A common theme in responses to Prime Minister Justin Trudeau’s re-approval of the Trans Mountain pipeline expansion project is what happened the night before.
In case you’re one of the few people who hadn’t heard this, the federal Liberals declared a “climate emergency” on Monday night.
On Tuesday, they approved the pipeline.
People mocked the two things as being contradictory in the extreme and Burnaby North-Seymour Green candidate Amita Kuttner was one of them.
“I am unsurprised and yet profoundly disappointed by (the) announcement from the Liberal Government approving the Trans Mountain pipeline expansion project,” Kuttner said. “It has become clear there is no good case for this project, whether it be from the standpoint of climate science, economics, Indigenous rights, or community safety and consent. It is particularly absurd that they would declare a climate emergency yesterday only to approve an oil pipeline project (the next day).”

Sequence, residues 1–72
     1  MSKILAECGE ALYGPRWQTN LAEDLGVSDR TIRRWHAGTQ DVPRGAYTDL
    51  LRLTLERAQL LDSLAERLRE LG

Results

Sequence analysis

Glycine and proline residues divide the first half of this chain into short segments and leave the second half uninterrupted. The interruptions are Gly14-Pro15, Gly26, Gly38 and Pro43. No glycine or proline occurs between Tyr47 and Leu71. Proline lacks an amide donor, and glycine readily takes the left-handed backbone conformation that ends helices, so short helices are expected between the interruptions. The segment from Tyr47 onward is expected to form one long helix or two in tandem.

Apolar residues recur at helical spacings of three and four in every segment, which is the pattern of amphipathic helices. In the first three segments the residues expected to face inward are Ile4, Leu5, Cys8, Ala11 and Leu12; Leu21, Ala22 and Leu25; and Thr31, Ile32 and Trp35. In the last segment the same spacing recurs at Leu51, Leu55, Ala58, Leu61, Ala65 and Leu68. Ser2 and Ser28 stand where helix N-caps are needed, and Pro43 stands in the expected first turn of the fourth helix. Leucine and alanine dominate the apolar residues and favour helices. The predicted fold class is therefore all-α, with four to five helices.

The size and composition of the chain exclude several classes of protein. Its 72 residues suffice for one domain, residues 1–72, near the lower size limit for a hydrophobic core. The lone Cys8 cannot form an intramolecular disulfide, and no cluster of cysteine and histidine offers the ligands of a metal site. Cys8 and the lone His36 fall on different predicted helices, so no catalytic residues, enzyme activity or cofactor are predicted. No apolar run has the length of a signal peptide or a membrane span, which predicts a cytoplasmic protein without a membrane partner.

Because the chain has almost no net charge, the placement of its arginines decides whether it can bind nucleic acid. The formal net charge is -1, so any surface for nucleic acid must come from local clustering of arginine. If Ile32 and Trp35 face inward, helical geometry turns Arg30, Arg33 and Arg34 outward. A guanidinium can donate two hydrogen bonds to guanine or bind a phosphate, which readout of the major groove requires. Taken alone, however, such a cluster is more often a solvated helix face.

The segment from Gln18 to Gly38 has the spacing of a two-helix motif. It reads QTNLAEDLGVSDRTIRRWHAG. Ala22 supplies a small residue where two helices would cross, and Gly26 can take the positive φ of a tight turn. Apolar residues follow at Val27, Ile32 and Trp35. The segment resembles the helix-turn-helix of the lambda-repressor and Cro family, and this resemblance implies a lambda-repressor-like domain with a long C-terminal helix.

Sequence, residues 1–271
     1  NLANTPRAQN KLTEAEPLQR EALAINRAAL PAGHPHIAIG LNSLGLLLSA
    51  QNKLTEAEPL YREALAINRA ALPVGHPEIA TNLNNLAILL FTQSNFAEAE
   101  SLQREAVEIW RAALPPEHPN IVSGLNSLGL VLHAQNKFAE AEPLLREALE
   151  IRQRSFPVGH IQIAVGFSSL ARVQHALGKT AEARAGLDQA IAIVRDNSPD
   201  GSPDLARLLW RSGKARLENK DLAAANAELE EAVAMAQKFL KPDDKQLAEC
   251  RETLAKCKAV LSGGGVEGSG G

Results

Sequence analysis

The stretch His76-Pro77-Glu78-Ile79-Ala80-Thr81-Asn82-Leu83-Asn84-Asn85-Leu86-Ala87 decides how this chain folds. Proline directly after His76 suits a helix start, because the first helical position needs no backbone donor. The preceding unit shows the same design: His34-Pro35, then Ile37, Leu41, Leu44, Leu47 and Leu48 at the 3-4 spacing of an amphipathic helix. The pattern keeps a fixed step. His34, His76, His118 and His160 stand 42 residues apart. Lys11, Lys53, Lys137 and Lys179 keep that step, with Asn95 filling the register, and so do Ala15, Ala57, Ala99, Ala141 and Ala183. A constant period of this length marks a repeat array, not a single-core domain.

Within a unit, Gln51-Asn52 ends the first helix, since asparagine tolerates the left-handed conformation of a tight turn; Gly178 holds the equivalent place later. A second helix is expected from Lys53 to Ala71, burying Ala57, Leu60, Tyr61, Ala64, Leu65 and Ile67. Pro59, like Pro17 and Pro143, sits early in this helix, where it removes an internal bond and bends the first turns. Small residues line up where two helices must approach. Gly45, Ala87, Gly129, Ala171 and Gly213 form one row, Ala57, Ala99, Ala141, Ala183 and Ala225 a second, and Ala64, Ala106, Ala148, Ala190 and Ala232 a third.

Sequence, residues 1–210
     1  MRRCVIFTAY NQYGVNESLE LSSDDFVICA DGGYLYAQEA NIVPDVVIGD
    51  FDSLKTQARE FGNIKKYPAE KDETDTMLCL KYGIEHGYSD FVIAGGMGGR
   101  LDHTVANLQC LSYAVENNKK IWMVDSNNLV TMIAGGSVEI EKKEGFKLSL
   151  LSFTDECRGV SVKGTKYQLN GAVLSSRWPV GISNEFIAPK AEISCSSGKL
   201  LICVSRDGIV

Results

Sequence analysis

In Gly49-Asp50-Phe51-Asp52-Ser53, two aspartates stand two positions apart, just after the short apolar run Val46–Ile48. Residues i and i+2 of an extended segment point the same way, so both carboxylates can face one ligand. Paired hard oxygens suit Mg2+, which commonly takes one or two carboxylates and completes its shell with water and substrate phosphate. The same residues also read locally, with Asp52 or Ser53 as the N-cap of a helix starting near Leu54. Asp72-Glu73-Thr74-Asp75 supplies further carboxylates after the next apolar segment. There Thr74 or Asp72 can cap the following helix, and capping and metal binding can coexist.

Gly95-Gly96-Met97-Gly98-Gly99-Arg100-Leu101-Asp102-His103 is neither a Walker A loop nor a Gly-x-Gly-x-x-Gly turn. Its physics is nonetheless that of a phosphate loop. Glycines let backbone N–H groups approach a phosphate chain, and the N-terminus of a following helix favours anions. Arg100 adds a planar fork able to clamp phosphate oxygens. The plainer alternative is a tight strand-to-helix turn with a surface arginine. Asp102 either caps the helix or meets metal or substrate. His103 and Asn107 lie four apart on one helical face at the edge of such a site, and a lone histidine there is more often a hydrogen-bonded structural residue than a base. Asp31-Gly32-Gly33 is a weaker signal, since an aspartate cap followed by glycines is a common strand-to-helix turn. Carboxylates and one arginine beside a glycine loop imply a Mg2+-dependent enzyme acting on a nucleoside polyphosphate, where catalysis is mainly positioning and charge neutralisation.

Kuttner, an astrophysicist, said there were countless problems with the arguments presented in favour of the pipeline by the Liberals.
“The idea that one can control emissions by capping oil sands production after growing pipeline capacity is ridiculous, as it is clear that they are pushing those emissions off onto other countries, and not taking responsibility for our influence on global emissions,” she said. “Another argument given is that the pipeline is an economic driver and creates jobs. This is only one choice of many for job creation, and not a very good one. The government had the opportunity to move away from our extractive resource economy and did not do so nearly fast enough given the climate crisis that we are in.”
Kuttner added that Trudeau’s comments that Indigenous groups are interested in buying the project is a “disservice to the communities who would buy the pipeline only to see it shut down in the near future as Canada transitions to a green economy, which would be partially fueled by their own costs to buy the pipeline.”